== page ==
The American Society of Haematology (ASH) had its annual meeting earlier this month. Haematologists from around the world gathered at the San Diego Convention Centre to provide a forum for discussing critical issues in haematology. Nearly 20,000 clinicians, scientists, and others attended the four-day meeting, which consisted of an educational program and cutting-edge scientific sessions. The following was one of the presentations given at the meeting.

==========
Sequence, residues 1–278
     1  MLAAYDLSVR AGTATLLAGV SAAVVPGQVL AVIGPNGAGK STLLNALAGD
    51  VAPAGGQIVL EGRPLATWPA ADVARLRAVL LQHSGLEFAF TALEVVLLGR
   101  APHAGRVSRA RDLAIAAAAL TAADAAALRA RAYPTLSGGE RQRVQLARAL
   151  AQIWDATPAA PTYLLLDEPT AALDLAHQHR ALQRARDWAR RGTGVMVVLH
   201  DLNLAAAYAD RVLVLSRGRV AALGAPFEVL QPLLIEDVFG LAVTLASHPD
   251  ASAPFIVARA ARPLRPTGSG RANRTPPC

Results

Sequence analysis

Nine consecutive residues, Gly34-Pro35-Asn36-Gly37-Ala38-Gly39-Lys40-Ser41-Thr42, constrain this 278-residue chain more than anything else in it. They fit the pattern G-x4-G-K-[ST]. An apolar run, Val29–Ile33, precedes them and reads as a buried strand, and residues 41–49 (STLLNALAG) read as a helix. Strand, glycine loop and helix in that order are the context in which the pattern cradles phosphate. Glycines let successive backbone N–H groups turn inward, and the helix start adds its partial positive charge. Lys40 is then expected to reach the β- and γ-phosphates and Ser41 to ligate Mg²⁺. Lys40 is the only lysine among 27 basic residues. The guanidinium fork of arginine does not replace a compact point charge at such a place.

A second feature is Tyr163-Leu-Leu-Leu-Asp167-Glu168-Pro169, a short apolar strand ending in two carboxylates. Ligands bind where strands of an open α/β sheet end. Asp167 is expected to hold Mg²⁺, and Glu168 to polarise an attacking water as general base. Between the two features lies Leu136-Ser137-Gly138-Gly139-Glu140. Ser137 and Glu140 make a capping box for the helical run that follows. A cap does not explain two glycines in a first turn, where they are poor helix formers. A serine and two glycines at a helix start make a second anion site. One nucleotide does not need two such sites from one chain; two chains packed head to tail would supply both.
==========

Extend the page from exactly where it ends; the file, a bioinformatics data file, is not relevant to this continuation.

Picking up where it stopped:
The aim of the study was to evaluate the efficacy of a salvage therapy (ST-HD-86) developed for children and adolescents with progressive or relapsed Hodgkin’s disease (HD) who were primarily treated in the pediatric DAL/GPOH studies. The essential chemotherapeutic elements were ifosfamide, etoposide, prednisone (IEP) and doxorubicine, bleomycin, vinblastine, dacarbazine (ABVD). 176 patients with progression (N=51) or first relapse (N=125) were enrolled by 67 centers from six countries between 1986 and 2003. The median time from initial diagnosis to progression/relapse was 1.1 (range, 0.02-17.1) years and the median patients age at the diagnosis of progression/relapse was 14.7 (range, 4.3-24.5) years. Salvage therapy consisted of 3-5 alternating cycles of IEP and ABVD, supplemented in part by 1-2 cycles of cyclophosphamide, vincristine, procarbazine, prednisone (COPP) or CCNU, etoposide, prednimustine (CEP). Radiotherapy was given to involved areas using individualized dosages. In the 1990ies, high-dose high dose chemotherapy with stem cell support was introduced for patients with unfavorable prognostic criteria. Disease-free survival (DFS) and overall survival (OS) at 10 years after initiation of salvage therapy are 63Â±4% and 74Â±4%. Second events occurred in 70 of 176 pts (40%). Risk factor analysis revealed the time until progression/relapse as the most discriminating prognostic factor (p=.0001). Patients with progression had an inferior outcome (DFS 41Â±7%, OS 51Â±8%), whereas patients with late relapses (>12 months after end of therapy) do very well (DFS 87Â±4%, OS 90Â±4%). The result of study ST-HD-86 with a long-term survival of 74% in this large cohort of patients with progressive or relapsed HD can be considered favorable. While the salvage strategy for patients with progression has to be further optimized, a reduction of intensity might be considered for those patients with late relapses following HD in childhood or adolescence.(Source: American Society of Haematology (ASH): Blood, Volume 104, issue 11, November 16, 2004.)